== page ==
A professor of development studies at the London School of Economics, Gavin Capps has researched the numbers behind the debt. In an article titled “Redesigning the Debt Trap,” he explains the dangerous web that the debt, structural adjustment programs, and capital flight creates in Africa. He cites Africa Action, a U.S.-based NGO, reporting in 2001 that the ratios of foreign debt to the continent’s gross national product increased from 51% in 1982 to 100% in 1992. Africa’s debt grew to four times its export income in the early 1990s. Its debt burden is twice that of any other region in the world, it carries 11% of the developing countries’ debt, with only 5% of its income. The gross national product in Africa is $308 per capita, while its debt stands at $355 per capita.
The money spent paying back the debt and the interest on the debt expanded from an average of $1.7 billion from 1970-1979 to $14.6 billion from 1997-1999. Africa received a total of $540 billion in loans, paid back $550 billion, and still retained a debt of $295 billion between 1970 and 2002. In 1990 African countries paid out $60 billion more than they received in new loans, and by 1997, this increased to about 162 British pounds. In 2001, sub-Saharan Africa borrowed $11.4 billion, and paid back $14.5 billion.
This catastrophe is played out in the social service and health sectors. Shrinking African national budgets are being spent in greater proportions to repaying Western creditors at the expense of welfare or productive domestic investment. During the 1980s debt service repayments averaged 16% of African government expenditure compared to 12% on education and 4% on health. A decade later, the situation remains appalling, as interest payments are prioritized over human needs. In 1999 the Zambian government was pressured to spend $14 million more in debt service than on its collapsing health care system, in the face of the AIDS pandemic reaching new heights. Also in 1999, 33% of Angola’s gross domestic product was spent on debt repayments, as compared to 4.9% of gross national product on education and 1.4% on health. In the whole of sub-Saharan Africa in 2001, debt repayment amounted to 3.8% of GDP, as opposed to 2.4% spent on health care.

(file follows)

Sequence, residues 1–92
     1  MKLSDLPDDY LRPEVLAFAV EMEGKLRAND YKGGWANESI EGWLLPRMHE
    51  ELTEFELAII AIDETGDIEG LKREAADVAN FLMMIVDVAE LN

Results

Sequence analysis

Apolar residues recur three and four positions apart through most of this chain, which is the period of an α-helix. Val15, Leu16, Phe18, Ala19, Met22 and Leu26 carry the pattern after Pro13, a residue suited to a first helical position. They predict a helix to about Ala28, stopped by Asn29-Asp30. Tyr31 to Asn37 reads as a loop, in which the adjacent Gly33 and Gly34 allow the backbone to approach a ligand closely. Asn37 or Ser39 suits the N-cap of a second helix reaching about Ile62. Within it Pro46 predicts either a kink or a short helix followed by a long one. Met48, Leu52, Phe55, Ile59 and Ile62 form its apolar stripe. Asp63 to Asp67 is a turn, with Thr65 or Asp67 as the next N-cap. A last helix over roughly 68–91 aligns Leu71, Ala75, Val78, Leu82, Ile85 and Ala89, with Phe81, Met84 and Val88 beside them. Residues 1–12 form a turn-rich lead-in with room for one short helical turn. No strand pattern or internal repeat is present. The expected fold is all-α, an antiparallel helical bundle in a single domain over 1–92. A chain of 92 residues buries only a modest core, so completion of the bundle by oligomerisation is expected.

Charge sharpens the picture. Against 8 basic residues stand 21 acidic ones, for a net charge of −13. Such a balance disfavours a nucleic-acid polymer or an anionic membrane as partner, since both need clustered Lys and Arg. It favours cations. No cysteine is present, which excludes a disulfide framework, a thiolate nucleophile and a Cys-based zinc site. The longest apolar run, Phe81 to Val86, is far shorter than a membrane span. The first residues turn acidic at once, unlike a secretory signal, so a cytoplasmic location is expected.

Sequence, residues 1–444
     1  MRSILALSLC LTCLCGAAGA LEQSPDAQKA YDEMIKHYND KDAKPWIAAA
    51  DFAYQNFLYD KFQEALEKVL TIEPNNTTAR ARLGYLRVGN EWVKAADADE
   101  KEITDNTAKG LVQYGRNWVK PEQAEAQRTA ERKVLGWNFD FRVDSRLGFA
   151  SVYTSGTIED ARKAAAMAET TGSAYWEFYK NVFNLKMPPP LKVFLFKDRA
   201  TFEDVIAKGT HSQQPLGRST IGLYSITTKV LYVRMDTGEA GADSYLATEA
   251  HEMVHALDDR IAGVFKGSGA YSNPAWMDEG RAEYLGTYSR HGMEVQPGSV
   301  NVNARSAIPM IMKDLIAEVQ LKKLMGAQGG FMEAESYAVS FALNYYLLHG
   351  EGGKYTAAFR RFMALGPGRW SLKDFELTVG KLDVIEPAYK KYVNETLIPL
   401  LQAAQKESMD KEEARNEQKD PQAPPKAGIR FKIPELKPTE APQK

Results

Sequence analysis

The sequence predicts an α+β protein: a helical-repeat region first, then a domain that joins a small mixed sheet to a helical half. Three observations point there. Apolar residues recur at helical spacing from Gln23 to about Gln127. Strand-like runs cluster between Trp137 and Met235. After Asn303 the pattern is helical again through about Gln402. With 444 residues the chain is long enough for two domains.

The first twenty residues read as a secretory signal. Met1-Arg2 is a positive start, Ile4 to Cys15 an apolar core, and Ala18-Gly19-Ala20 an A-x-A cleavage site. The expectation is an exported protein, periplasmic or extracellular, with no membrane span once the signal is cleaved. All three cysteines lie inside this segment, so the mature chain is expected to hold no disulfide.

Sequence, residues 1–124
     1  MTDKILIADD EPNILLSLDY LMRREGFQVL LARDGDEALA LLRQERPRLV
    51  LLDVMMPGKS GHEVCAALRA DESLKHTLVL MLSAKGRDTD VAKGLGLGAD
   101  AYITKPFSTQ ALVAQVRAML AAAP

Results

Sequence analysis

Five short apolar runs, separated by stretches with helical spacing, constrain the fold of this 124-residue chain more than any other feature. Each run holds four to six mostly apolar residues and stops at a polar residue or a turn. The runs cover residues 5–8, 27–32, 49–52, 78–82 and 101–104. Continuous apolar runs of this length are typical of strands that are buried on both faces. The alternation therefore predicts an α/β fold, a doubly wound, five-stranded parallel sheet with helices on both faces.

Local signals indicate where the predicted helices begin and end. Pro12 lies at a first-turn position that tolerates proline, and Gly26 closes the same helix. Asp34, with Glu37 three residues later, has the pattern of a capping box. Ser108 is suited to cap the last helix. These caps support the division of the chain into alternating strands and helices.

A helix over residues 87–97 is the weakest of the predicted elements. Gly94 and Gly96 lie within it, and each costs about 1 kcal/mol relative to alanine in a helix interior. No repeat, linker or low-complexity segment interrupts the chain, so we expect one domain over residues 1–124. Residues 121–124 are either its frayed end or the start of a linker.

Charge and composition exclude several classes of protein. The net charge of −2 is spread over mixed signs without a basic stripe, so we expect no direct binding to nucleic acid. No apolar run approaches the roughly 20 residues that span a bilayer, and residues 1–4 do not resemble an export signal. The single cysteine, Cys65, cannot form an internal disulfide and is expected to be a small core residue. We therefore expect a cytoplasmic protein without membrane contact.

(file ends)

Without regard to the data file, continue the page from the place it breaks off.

In tandem with the debt repayment crisis, capital flight and structural adjustment programs tighten the fatal stranglehold on the African continent. Capital flight, the transfer of locally owned capital to the advanced economies, amounted to $187 billion during 1970 and 1996 in 30 sub-Saharan African countries. This flight of capital was inextricably bound with the accumulation of debt, as roughly 80 cents on every dollar borrowed by these countries flowed out as capital flight the same year. When interest is added, the stock of capital flight of those 30 countries equals $274 billion, or 145% of the total debt owed by that group of countries in 1996.
Corrupt leaders skimmed from the top of these profits. But simply attributing capital flight to the greed of African politicians hides more than it reveals. The great powers, the leaders of the G8, propped up African dictators like Mobutu Seso Seko, of Zaire, now the Democratic Republic of Congo, in order to guarantee Western strategic interests during the Cold War. (Mobutu was installed in mineral-rich Zaire after the CIA-backed assassination of popular radical nationalist leader Patrice Lumumba.) Breaking the pathologyzing myth of corrupt black African leaders, apartheid South Africa enabled an average of 7% of annual gross domestic product to leave as capital flight between 1970 and 1988, a flight whose destination was into the coffers of major Anglo corporations. Such a move defied local capital controls and broke the international sanctions regime on apartheid. Thus, the private “white” capitalists of South Africa and white European business leaders were also in lockstep support of capital flight.
The International Monetary Fund (IMF) and the World Bank consolidated their hold over Africa directly because of the debt crisis. They continue to ensure commercial banks are repaid by lending African states more money to service their private debts. And these U.S.-led institutions act as debt collection agencies for the Western powers, in addition to the IMF’s insistence on even harsher repayment terms of the multilateral loans it makes. The charters of the IMF and World Bank specifically forbid debts that they hold to be rescheduled or written off, and most of these debts are charged at market rates. This is one of the main reasons why Africa’s total debt has continued to grow while an even greater volume of its resources has flowed out of the continent.
The G8, Hypocrisy, and the Right to Protest